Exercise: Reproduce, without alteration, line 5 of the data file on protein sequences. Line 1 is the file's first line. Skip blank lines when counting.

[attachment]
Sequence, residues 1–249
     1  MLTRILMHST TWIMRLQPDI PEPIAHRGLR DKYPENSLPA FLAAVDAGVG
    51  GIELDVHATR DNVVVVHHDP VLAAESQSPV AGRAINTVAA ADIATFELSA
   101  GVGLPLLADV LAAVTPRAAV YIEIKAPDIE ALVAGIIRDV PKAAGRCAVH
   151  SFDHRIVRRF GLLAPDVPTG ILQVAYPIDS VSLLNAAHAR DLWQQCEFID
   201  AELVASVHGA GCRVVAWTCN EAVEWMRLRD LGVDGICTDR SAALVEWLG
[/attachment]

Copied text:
   151  SFDHRIVRRF GLLAPDVPTG ILQVAYPIDS VSLLNAAHAR DLWQQCEFID